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Mandy Esch (Fed)

Mandy B. Esch is a project leader in the Microsystems and Nanotechnology Division. She received an M.S. in Biology and a Ph.D. in Biotechnology from the Julius Maximilians University in Würzburg, Germany. During her PhD research she developed paper-based microfluidics and microfluidic biosensors for the detection of pathogens. In 2001, Dr. Esch joined the Cornell Nanoscale Science and Technology Facility as life sciences liaison. In 2007, she joined the department of Biomedical Engineering at Cornell University as a senior research associate. While there, she developed several patents for multi-organ body-on-a-chip systems. As part of a team that develops MPS systems, she received the 2015 Lush Science Prize. From 2015 to 2016 Dr. Esch spent a year as an assistant professor at Syracuse University at the Department of Biomedical and Chemical Engineering. She taught nanobiotechnology and built a laboratory for tissues-on-chip research. In August of 2016 Dr. Esch moved to NIST, where she is focusing on integrating sensors with tissues-on-a-chip and MPS devices.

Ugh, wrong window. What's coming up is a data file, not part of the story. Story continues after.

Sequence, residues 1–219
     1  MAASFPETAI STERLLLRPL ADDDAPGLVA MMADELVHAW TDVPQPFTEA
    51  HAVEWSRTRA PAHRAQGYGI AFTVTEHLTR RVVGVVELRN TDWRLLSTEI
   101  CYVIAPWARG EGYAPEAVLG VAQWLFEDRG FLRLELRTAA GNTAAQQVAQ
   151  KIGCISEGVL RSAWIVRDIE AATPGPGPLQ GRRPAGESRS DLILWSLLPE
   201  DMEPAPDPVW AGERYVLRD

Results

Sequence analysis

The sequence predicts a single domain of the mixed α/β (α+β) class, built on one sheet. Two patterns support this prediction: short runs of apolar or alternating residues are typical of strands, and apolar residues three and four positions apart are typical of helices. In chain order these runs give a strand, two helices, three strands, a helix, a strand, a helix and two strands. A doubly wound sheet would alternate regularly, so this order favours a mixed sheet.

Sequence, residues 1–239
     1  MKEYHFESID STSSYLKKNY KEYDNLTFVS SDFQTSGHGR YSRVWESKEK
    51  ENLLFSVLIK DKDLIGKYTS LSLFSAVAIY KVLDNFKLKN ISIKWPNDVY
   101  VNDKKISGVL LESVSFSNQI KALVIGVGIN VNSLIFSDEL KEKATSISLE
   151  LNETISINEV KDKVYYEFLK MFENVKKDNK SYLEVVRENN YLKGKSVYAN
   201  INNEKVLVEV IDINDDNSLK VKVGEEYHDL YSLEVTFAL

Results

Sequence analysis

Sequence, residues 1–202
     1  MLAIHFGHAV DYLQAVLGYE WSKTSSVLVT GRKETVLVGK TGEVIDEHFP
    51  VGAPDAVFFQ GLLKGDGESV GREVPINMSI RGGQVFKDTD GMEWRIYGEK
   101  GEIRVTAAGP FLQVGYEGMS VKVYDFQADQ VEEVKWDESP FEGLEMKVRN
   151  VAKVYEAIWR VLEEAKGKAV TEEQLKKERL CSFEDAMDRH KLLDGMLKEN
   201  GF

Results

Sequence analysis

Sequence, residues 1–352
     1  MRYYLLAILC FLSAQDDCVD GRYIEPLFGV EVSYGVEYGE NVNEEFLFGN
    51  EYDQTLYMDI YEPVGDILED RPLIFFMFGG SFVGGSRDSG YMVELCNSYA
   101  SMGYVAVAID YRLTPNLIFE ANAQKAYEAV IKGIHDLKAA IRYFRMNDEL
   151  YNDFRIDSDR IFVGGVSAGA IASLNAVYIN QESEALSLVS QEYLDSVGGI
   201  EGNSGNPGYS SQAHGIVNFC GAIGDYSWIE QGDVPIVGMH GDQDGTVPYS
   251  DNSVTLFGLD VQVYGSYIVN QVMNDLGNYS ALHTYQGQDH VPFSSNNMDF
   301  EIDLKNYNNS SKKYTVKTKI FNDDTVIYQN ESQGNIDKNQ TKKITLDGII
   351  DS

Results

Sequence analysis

NRC postdoc opportunities

We are looking for postdocs with expertise in the development of on organs-on-chips, MPS, and PBPK modelling. Please contact Dr. Esch via email, or read about the NRC opportunity here.

Selected Publications


Patents (2018-Present)

Body Cube And Process For Culturing Tissue

NIST Inventors
Mandy Esch
A body cube for culturing tissue that includes: an organ chip holder; and a body barrier chip and a first body organ chip disposed in the organ chip holder, the first body organ chip including a first cell culture chamber that receives cell culture medium and produces a first tissue in the first

Body Cube And Process For Culturing Tissue

NIST Inventors
Mandy Esch
This invention describes a microphysiologic body cube that holds multiple organ chips and that can be operated with near physiologic amounts of blood surrogate. The invention can be used to culture multiple tissues with near-physiologic amounts of blood surrogate within one systems. Microphysiologic
Created September 10, 2019, Updated December 8, 2022